Repeat the above for all the devices in your RAID array.

Step 2 – Install the software RAID controller

To begin, we ensure we’re up-to-date:

sudo apt-get update -y

This will install any updates to installed software on our Raspberry Pi. Next we’re going to install the software RAID controller called mdadm:

sudo apt-get install mdadm -y

You should now see the package configuration interface:

Choose OK and then go with the default value of ‘all’. The installation should finish after this.

Step 3 – Create the RAID volume

Now it’s time to create our RAID-1 volume. RAID-1 will create a mirrored volume. Remember to change sda1 and sdb1 to suit your configuration:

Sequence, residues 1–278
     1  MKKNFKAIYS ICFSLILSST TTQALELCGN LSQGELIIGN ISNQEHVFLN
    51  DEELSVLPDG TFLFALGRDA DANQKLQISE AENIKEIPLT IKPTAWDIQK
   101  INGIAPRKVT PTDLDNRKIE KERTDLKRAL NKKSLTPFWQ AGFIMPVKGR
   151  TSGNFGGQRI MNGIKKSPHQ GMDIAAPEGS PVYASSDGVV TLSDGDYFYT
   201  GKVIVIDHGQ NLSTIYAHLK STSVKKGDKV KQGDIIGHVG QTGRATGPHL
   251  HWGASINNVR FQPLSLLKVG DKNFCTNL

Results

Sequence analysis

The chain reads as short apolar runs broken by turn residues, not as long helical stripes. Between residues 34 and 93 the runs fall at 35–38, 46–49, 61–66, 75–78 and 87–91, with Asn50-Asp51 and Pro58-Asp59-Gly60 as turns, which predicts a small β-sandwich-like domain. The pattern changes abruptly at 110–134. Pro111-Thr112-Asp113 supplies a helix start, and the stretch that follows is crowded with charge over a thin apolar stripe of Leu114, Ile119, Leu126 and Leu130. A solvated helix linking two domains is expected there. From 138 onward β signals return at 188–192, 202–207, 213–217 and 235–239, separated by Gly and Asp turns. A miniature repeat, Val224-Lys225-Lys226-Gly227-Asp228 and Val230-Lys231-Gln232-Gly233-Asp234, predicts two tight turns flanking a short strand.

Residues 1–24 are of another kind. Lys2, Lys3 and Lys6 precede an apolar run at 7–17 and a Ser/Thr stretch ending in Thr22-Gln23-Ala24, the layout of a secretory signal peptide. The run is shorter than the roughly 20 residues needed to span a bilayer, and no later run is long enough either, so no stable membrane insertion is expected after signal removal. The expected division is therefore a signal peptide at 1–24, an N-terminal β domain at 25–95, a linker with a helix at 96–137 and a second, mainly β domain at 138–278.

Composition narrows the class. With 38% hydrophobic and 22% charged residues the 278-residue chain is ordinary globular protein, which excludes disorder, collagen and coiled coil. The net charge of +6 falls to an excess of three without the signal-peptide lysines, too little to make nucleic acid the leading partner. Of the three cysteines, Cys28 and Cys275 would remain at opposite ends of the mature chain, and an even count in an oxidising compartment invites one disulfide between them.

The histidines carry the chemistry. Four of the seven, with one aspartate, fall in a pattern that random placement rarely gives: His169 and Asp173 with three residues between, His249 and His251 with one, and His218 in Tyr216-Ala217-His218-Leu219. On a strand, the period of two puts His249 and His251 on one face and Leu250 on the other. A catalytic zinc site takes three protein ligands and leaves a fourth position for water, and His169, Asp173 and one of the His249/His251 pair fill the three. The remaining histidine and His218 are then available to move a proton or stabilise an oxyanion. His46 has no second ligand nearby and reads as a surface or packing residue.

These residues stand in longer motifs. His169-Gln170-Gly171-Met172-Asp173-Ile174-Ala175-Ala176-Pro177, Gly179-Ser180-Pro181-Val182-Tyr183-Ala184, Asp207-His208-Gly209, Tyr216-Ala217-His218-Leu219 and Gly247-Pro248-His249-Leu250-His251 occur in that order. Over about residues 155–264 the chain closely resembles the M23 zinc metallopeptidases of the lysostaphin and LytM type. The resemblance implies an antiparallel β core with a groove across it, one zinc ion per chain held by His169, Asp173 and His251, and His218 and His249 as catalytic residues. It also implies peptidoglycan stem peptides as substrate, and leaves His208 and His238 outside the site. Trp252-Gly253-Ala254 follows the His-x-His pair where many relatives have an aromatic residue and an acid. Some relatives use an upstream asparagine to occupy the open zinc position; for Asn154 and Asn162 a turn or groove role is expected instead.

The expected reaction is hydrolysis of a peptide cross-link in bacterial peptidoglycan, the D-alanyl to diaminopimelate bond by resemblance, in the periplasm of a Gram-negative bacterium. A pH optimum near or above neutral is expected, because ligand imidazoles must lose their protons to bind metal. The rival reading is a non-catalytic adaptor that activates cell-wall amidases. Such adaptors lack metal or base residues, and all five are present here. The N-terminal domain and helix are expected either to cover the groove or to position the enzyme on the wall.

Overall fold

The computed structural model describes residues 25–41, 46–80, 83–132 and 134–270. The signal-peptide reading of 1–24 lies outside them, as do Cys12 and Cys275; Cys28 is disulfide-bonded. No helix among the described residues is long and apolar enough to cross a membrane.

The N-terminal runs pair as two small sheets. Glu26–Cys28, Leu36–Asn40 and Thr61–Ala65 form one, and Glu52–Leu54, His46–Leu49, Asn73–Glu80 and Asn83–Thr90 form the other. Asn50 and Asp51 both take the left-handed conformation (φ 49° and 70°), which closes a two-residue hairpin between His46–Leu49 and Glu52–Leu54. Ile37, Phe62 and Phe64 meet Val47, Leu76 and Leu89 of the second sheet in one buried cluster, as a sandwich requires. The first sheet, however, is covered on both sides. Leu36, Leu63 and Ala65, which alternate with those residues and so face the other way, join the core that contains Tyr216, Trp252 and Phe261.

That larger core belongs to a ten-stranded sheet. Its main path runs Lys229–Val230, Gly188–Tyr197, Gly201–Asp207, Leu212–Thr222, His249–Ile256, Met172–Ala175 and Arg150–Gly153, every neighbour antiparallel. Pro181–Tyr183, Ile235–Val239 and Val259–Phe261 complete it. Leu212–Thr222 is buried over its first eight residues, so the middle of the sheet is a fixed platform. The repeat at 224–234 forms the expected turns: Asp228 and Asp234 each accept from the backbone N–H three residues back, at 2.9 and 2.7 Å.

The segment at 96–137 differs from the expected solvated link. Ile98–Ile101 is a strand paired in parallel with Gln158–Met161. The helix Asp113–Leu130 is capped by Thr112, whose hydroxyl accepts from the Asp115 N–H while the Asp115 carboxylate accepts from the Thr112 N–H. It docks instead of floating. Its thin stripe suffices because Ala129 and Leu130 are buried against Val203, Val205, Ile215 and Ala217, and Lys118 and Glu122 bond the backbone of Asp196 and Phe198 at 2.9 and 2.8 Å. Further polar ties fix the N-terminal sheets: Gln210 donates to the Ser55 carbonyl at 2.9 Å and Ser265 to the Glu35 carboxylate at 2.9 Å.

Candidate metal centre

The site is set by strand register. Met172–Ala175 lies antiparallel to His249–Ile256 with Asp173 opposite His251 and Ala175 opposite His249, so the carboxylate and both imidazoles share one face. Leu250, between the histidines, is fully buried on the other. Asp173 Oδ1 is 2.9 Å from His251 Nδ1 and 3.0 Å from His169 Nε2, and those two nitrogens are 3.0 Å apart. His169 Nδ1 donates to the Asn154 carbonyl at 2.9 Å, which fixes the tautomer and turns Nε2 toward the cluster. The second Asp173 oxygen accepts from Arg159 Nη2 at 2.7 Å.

sudo mdadm --create /dev/md0 --level=mirror --raid-devices=2 /dev/sda1 /dev/sdb1

After this, you will receive a warning about not being able to boot from it, type ‘y‘ to continue creating the array.

Next, we’re going to format our partition and mount it. Create a start point for your RAID array:

sudo mkdir -p /mnt/raid0

You don’t have to call your mount point ‘raid0’, call it whatever you want.

Now let’s format the RAID volume:

sudo mkfs.ext4 /dev/md0

And finally, mount it on the mount point we created earlier:

sudo mount /dev/md0 /mnt/raid0/

Next, we want to mount the volume on boot:

echo "/dev/md0 /mnt/raid0/ ext4 defaults,noatime 0 1" | sudo tee -a /etc/fstab

Finally, we update mdadm so that we can mount on startup:

sudo mdadm --detail --scan | sudo tee -a /etc/mdadm/mdadm.conf

Step 4 – Take a look at your RAID volume

That’s pretty much it. Change to your RAID volume: